The FairValley Urban Village
The development framework allows for approximately 450 residential units and 20,000 sqm commercial and light industries to be built on the land.
A number of attempts were made during the years since 1997 to develop the FairValley land, with no luck. In 2002 the Fair Valley Association was able to build 8 small houses on the farm, from the money they made on the wine, but they have never been able to properly re-zone and sub-divide the land so that they can achieve the ultimate objective to be individually their own property owners.
In 2007 a whole new thinking process was re-ignited by Charles Back, who never given up on the original idea. He called upon Ori Ilan, an experienced manager and charismatic entrepreneur, to develop a new concept and lead it towards realization - rather than looking at building 42 homes for the beneficiaries only, the Association was looking now at a full scale development - to maximize the commercial value of the land. On Friday 9th of November 2007, the Fair Valley Executive Committee passed a resolution, to fully adopt the Urban Village rational for their land. The Committee approved the Initial Development Framework as its official plan on Monday 26 November 2007.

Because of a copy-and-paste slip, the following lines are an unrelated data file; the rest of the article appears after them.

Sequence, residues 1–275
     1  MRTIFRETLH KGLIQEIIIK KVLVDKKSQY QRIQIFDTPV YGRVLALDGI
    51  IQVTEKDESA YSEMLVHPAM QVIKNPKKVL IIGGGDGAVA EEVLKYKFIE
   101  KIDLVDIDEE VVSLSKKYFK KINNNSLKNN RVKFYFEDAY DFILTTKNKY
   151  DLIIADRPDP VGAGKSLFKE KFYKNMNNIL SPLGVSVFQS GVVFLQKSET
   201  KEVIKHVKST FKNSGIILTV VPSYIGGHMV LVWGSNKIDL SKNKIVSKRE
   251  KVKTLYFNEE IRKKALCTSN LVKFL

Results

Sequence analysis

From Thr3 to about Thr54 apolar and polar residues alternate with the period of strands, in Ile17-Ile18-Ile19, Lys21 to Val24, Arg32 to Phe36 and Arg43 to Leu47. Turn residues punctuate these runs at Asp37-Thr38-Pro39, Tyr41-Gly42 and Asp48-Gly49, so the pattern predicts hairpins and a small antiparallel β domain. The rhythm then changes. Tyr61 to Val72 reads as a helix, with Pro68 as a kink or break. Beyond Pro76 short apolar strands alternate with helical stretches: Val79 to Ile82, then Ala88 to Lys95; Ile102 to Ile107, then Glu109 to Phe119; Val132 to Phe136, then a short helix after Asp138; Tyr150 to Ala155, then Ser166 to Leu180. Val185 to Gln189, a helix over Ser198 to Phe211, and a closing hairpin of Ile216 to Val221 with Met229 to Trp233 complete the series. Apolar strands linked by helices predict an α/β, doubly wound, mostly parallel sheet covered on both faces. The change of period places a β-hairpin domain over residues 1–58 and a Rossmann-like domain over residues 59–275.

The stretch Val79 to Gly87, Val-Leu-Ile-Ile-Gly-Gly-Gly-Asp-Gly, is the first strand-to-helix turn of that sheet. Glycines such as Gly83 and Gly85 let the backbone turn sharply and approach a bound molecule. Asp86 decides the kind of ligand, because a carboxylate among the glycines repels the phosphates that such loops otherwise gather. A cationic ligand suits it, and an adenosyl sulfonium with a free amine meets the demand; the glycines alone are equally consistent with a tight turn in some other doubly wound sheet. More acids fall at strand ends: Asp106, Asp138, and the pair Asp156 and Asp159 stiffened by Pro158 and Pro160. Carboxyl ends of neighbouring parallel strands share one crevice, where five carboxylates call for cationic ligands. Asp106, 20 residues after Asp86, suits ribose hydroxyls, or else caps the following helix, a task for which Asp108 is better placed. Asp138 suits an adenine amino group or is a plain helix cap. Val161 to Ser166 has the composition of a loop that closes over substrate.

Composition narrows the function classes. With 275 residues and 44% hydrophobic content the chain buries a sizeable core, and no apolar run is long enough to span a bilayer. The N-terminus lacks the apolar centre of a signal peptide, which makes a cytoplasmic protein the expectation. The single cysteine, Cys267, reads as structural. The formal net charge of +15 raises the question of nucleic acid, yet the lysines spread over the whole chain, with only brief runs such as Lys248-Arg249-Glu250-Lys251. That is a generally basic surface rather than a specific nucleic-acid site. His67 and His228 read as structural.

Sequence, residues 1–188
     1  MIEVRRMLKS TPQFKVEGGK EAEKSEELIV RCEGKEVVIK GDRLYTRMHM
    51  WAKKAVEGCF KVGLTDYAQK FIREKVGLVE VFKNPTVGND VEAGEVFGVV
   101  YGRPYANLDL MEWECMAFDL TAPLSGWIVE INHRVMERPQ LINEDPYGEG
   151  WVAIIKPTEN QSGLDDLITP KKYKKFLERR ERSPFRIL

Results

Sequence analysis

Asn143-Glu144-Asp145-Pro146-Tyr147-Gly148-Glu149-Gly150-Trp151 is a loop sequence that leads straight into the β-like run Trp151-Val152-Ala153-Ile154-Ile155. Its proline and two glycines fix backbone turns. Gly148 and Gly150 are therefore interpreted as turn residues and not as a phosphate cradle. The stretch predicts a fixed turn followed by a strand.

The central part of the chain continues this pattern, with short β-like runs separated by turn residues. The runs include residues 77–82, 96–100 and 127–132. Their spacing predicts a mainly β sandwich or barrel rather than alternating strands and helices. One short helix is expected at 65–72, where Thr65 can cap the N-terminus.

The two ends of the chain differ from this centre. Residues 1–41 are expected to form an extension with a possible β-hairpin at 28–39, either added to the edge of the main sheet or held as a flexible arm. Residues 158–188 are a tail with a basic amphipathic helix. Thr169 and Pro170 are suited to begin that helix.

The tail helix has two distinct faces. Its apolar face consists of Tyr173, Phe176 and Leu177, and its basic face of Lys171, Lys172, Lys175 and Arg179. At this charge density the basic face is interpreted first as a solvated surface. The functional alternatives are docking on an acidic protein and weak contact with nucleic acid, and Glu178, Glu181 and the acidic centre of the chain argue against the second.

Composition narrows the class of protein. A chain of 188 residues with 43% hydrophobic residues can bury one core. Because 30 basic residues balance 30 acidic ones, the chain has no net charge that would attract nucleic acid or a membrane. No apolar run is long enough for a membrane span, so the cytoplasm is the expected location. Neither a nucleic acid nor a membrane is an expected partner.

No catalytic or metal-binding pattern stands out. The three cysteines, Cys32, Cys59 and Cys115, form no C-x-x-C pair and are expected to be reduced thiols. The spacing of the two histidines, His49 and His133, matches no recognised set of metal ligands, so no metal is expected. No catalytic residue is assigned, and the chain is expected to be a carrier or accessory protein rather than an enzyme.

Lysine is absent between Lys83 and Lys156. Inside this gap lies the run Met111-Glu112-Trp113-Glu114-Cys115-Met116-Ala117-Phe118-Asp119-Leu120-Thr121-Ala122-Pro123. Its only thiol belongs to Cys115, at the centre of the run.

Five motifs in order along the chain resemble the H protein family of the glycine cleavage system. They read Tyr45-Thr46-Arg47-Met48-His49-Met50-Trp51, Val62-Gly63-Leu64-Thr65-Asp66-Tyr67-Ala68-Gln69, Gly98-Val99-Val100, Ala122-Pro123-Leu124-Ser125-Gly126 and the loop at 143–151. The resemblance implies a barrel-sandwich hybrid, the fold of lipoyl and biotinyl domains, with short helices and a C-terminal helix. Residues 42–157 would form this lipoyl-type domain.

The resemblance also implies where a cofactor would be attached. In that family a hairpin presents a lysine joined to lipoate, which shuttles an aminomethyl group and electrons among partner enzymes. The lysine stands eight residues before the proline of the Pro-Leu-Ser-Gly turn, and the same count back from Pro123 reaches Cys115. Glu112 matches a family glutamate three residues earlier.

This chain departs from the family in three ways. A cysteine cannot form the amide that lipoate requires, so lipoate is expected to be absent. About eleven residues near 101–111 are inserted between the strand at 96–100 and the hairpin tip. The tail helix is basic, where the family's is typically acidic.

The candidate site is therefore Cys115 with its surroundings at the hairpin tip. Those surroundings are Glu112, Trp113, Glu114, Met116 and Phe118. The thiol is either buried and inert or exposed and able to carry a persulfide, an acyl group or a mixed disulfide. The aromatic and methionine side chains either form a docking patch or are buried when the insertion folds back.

In March 2008, a breaking-through unique agreement was signed between the Fair Valley Farm Workers Association and Urban Genesis, to develop the land based on the development framework adopted by the Association. The FairValley Urban Village has become a combined - "3 legs" - project - Socio-Economical empowerment and skills development venture. Financial viability and business principals to be applied. Sustainability, energy efficiency and ecological friendly methods and techniques to be applied. The core of the agreement is that the Association contribute the land and in return gets their beneficiaries houses with no extra costs. In November 2008, both partners approved the Development Framework for the FairValley Urban Village which received full support from the officials of the Drakenstein Municipality and already presented to the planning authorities of the Western Cape Province.
Only in March 2009, the Drakenstein Council resolved to extend the urban edge so that it would include the FairValley land among other areas. Nevertheless, this issue of the urban edge has not yet been finalized between the Western Province’s planning authorities and the Drakenstein Local Council. The two entities are busy debate the urban edge between them.
The development framework allows for approximately 450 residential units and 20,000 sqm commercial and light industries to be built on the land. The FairValley Development Company that was established between the partners intends to use alternative eco-friendly building materials, grey water system were designed to save water consumption and solar energy and other energy efficient techniques will be used.